Deserted spaces are not empty. They are vessels that contain memories of human life if you know how to see them. I grew up viewing forgotten structures as more than just ruins – they were symbols of man’s creativity, edifices of human ingenuity, definitive marks left in the world. They became the seeds.
Starting this blog are a few shots from my early years. Even then, old buildings caught my eye. But it was access to the old Ohio Penitentiary that really energized things.
I’ve always had the creative mind of a kid. As a bookish, glasses-wearing geek, I found inspiration from TV cartoons like Jonny Quest and boys detective novels. They fueled many days of high adventure utilizing imaginary props to save the world. Then as a college student, deserted buildings began to offer tangible places to bring these adventures to life. They were also places of protection as I attempted to adjust to my sexuality. A setting of solace for a kid that didn’t really fit in any clique or social group.
But when I brought models into these spaces, new meanings emerged. I saw beauty in the disparity between the exposed, vulnerable flesh of the model and the “naked” structures exposed to the elements, both revealing a raw state of being. I was creating a dystopic fantasyland where my passions were held captive awaiting discovery amongst ruin and deterioration. The objects of desire imprisoned in the hidden world where I felt the safe and no one cared to enter.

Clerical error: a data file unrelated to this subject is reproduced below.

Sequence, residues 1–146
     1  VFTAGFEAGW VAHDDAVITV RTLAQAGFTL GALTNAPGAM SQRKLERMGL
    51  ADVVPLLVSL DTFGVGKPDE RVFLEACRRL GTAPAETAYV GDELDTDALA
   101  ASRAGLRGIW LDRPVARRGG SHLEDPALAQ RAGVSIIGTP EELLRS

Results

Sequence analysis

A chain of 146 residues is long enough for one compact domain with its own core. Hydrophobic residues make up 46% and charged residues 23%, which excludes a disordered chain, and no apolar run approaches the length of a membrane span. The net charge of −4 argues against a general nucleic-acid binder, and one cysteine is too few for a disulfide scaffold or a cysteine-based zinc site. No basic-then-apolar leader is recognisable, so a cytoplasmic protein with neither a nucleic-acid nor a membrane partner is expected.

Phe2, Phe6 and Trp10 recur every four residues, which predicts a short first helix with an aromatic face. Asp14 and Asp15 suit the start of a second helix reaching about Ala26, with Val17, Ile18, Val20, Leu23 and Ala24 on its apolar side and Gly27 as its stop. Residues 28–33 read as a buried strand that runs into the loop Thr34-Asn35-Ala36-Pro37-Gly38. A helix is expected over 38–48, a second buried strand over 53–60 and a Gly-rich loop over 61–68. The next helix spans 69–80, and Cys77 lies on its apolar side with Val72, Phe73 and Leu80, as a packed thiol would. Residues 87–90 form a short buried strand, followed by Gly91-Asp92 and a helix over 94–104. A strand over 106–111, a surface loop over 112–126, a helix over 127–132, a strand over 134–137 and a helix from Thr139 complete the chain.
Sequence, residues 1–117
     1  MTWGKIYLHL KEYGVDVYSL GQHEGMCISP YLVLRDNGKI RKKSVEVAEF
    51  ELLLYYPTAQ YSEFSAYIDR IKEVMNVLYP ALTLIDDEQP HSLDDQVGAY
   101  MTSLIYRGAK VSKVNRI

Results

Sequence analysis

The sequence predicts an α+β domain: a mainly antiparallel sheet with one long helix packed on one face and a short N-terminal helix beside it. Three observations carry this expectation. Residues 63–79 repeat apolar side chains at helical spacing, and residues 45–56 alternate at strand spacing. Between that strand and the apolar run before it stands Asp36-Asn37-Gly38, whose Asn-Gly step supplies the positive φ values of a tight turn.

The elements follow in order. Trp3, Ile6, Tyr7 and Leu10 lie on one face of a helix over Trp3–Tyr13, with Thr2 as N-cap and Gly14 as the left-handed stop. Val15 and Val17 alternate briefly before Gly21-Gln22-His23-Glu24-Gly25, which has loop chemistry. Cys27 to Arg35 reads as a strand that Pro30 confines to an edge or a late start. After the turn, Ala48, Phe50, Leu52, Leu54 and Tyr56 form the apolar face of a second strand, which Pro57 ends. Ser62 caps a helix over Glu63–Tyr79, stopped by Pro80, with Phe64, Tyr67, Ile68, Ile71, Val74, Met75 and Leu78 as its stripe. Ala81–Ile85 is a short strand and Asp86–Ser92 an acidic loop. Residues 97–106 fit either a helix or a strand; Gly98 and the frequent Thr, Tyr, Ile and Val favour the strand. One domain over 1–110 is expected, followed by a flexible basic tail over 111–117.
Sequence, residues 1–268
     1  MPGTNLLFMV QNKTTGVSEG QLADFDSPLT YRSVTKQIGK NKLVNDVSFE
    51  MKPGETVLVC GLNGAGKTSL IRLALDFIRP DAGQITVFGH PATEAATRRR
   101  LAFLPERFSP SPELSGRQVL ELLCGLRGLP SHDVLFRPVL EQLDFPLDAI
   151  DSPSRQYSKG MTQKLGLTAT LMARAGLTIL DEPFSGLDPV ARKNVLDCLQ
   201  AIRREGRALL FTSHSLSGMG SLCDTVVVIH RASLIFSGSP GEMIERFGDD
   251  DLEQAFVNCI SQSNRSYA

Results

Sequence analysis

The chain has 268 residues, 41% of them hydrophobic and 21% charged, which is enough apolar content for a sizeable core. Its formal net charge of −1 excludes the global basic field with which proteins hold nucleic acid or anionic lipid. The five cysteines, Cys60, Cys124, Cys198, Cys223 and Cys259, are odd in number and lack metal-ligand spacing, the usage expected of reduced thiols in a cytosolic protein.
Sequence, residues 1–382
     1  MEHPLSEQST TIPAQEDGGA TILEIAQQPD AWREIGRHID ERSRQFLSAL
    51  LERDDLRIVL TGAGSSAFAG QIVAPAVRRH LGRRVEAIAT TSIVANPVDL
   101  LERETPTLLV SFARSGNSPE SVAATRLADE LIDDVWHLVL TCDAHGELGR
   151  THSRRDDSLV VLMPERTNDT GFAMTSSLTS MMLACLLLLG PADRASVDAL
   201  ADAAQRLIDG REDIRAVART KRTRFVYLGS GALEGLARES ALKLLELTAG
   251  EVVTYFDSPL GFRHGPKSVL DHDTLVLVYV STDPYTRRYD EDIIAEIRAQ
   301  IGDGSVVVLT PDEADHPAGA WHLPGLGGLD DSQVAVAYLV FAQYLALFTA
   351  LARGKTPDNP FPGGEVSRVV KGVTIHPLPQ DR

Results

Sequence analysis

But as I was coming out, the AIDS epidemic began. My world of hope and acceptance was immediately shattered. My vision became symbolic of a dangerous new world – desires in opposition to reality – the two held in suspension. The mission to utilize the nude male in this setting suddenly became paramount. These images that used to reflect my imaginary world where insecurity was alleviated, now replaced by ones of even greater uncertainty.
But time has a way of gradually changing your perspective. The nude transitioned into a more worldly vision. Having a dark pragmatic view of mankind’s place on this planet, I began to see the figure symbolically representing human existence in the unpolished setting of society’s forgotten and forsaken. It can be an ominously bleak attraction that’s found in these situations. I see a projection of our future in bare figures, fragile and vulnerable, surrounded by dangerous mystery – the unknown shape of an erratic, sometimes frightening world.
This theme keeps on playing out in unique variations with each environment. New symbols and messages emerge to offer different connections. And yet I’m still drawn to this process. It’s exciting to walk into a new space and let my mind run rampant. I am compelled to continue the search for new abandonments, keeping this theme strong. This is my call to humanity to look back at all they have cast out and remember the fine line that separates them from the same path.
Keep your eyes open for an upcoming book based on my nude work in industrial settings!